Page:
Everyday Cyclist: Rookie Cyclocross Racer Tells All

As a cyclist, late autumn is traditionally a transition time. The short sleeves of summer are long packed away and endless calibration between under-dressing and over-dressing makes for a good distraction from the anticipation of mounting the studded tires. Luckily, there is a growing segment of racing that serves as an even better distraction: cyclocross.

Cyclocross is essentially racing a road bike on the dirt. To make things more interesting, obstacles and “run-ups” are included in the course. Obstacles force racers to dismount their bikes and jump over barriers. The goal when racing over obstacles is to maintain speed, so dismounting, jumping over the barrier, and mounting the bike again are all done at a sprint. A run-up is a steep section of trail or maybe some steps that require cyclists to “shoulder” their bike and sprint up the incline.

If you are a cyclist in just reasonable shape you should give racing cyclocross a shot. And if you are not a cyclist but are looking for a fun way to spend a cool autumn day with the family, you should consider attending a local race.

This year is my first year as a racer. I’m a rookie and so far, I’ve really enjoyed racing.

You don’t need to be in crazy great shape to give cyclocross racing a shot. It’s hard because it’s so aerobic, but racing in the “rookie” class, your race is only 30 minutes. The course spreads out quickly and once you get your pace set you end up racing against the few people around you. So you needn’t worry about embarrassing yourself as the pack leaves you behind, because you’ll have company. I ride a lot, but I certainly don’t ride fast, so for me, racing cyclocross is a huge effort and a worthy goal. Even as I come in near the end of the pack, I’m having a lot of fun and it’s really rewarding just to finish.

You don’t need a fancy bike for cross racing. The bike I am racing this year is an 18-year-old road bike. Any bike that can take about 35 mm wide knobbie tires will probably work. Traditionally, cyclocross riders race drop-bar bikes, but many ride mountain bikes and flat-bar bikes, especially in the rookie class.

A big part of what makes cyclocross fun is the variety of the surfaces that you race on. A typical course might have some grass sections, open field or dirt sections, some single track, a bit of double track, maybe a smattering of pavement, and at least one obstacle and one run-up. Often, a wide open space is marked off to create a tight-cornered maze-like section.

Being good at cyclocross requires agility, speed, good sprinting, good bike handling skills on a variety of surfaces, and huge aerobic capacity. But what’s neat is that you can jump in as a rookie and have a bunch of fun as you improve all of these skills. This is not a sport that requires expertise or elite fitness to compete at the rookie level.

That said, I benefitted hugely from some pre-season cyclocross clinics put on by the local bike club, Spokane Rocket Velo. This was a four-class clinic that taught bike handling skills for cyclocross. Among other things, I got the basics on dismounting the bike at speed, running over obstacles, mounting the bike at speed and how to do run-ups. The classes are taught by local cyclocross racers. The classes are informal and not intimidating in the least. It’s a great introduction to the sport and to the local cyclocross culture. The men and women who race and put these races on do it because they love it and they like to bring more people into the sport. It’s a fun and supportive crowd to mix with.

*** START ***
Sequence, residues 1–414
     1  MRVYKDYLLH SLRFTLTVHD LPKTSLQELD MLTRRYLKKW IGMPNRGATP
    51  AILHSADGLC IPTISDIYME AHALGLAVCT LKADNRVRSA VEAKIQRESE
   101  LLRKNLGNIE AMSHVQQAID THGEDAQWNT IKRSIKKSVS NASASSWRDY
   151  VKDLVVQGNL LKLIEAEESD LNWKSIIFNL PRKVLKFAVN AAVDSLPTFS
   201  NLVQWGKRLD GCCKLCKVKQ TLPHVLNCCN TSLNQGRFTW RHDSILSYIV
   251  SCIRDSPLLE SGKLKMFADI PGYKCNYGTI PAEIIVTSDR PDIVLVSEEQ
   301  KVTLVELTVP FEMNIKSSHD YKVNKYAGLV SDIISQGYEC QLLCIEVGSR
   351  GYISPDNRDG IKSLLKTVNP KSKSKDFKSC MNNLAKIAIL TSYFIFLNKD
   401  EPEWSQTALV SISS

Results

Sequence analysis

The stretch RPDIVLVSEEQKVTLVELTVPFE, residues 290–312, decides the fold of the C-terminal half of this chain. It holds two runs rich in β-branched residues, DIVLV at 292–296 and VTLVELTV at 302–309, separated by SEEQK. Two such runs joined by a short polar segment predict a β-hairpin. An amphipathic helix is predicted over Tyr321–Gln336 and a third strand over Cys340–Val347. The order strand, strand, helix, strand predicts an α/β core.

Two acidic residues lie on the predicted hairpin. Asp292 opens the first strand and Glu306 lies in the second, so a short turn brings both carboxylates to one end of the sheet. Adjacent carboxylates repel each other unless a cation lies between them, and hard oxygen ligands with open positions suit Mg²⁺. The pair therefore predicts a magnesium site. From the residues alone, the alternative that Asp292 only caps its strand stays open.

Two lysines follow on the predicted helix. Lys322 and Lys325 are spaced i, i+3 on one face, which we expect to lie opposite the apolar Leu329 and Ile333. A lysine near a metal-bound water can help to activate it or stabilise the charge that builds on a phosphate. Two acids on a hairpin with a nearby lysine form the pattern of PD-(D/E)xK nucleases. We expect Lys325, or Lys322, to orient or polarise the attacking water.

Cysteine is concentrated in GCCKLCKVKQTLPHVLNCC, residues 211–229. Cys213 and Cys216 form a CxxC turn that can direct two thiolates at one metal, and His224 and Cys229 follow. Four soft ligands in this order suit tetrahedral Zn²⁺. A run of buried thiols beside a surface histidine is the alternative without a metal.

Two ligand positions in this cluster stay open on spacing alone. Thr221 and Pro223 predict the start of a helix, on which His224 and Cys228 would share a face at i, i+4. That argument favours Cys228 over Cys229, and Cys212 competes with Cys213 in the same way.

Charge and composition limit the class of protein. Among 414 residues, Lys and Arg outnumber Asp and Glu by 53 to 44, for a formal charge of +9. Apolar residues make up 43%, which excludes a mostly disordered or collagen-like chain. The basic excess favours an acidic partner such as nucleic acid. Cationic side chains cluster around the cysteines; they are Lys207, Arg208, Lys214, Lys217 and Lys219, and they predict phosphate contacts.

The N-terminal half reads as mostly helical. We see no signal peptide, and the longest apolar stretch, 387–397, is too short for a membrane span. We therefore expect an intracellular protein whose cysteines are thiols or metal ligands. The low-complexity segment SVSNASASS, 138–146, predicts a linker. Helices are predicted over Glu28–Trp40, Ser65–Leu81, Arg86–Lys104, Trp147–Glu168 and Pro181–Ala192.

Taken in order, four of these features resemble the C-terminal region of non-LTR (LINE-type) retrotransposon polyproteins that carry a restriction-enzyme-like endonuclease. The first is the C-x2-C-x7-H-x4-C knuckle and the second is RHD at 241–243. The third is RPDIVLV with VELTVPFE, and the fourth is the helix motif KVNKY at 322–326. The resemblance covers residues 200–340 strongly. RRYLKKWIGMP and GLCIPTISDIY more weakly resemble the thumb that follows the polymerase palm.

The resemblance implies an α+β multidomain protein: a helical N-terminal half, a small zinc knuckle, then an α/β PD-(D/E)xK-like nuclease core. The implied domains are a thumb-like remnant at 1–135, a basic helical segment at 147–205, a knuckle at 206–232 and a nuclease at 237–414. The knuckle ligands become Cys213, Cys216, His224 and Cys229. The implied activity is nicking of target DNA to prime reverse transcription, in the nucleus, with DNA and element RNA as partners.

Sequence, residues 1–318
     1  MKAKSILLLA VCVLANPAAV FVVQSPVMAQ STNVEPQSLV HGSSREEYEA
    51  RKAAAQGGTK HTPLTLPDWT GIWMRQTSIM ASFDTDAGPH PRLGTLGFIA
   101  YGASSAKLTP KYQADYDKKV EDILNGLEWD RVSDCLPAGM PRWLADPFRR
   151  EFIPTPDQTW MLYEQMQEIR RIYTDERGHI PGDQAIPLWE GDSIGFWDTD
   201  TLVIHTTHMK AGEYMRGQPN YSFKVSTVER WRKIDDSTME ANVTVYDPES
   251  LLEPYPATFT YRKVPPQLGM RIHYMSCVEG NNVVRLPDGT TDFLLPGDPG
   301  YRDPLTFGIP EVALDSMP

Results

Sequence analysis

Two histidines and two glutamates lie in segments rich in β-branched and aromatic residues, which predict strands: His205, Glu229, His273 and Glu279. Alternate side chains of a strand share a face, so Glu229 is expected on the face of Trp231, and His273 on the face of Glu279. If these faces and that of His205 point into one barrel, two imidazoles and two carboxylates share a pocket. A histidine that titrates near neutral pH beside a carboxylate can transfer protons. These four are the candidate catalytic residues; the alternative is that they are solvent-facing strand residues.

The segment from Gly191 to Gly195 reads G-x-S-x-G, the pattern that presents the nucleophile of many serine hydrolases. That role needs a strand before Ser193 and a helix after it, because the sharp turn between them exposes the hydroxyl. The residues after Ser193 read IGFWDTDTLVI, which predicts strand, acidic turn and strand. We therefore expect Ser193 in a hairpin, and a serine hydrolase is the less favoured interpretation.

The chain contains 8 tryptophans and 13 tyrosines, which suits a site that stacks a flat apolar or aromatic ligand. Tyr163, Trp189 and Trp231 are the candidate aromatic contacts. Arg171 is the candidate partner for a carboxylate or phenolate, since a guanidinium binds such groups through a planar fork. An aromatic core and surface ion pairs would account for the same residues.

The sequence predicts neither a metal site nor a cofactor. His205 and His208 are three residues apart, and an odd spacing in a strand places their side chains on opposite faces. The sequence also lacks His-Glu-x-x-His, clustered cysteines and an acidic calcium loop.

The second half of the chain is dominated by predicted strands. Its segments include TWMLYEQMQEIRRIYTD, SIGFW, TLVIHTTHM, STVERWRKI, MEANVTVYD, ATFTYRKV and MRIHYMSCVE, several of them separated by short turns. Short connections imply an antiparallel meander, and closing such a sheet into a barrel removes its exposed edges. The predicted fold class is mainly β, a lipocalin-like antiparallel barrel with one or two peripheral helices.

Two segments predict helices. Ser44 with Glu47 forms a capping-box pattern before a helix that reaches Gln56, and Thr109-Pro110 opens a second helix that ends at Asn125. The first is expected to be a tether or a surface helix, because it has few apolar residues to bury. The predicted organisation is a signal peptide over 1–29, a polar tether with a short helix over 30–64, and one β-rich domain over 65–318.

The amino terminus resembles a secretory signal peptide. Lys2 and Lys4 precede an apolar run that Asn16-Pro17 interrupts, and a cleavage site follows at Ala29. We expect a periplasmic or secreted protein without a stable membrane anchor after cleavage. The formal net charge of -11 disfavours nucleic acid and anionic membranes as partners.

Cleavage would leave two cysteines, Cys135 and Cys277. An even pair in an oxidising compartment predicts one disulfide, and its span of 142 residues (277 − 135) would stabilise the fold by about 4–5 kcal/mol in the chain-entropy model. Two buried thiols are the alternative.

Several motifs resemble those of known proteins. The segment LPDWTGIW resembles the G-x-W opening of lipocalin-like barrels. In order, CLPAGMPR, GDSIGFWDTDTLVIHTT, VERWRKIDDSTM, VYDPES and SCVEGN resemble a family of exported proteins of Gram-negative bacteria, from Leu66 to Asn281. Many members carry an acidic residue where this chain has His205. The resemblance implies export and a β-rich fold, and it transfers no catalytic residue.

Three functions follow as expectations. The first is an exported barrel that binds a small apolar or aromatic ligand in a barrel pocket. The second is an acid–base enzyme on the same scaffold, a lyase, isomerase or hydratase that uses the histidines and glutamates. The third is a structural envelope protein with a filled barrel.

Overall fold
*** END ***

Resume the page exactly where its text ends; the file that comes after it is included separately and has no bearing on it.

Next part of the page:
As a spectator, watching cyclocross is much different than watching a road race. Most road races are spread out over long courses, so as a spectator you might only see the competitors fly by just once. With cyclocross, the courses are comparatively much more compact so you see a lot more action from a single vantage point. Additionally, as long as you stay out of the way, you can walk around the course and find the best spot. For example, picnicking by a run-up or a fast corner is a great way to enjoy a meal outdoors on a crisp fall day. It’s like live-action lunch theatre in the woods. And it’s free.

If it’s raining or snowing, watching cyclocross is even more fun. Bundle up; bring a thermos of something warm, and enjoy watching the mud bath.

This year’s local cyclocross series is about half-way done. Usually, races are on Sundays. The next race is at 7-mile in Riverside State Park on November 2nd. You can find the schedule online at the Emde Sports website (emdesports.com). I don’t know why these races are not better publicized. As a rookie racer, they’re a blast, and as a spectator, they are a no-brainer: easy no-money-fun for the whole family.

John Speare grew up and lives in Spokane. He rides his bike everywhere. Check out his blog at http://cyclingspokane.blogspot.com.


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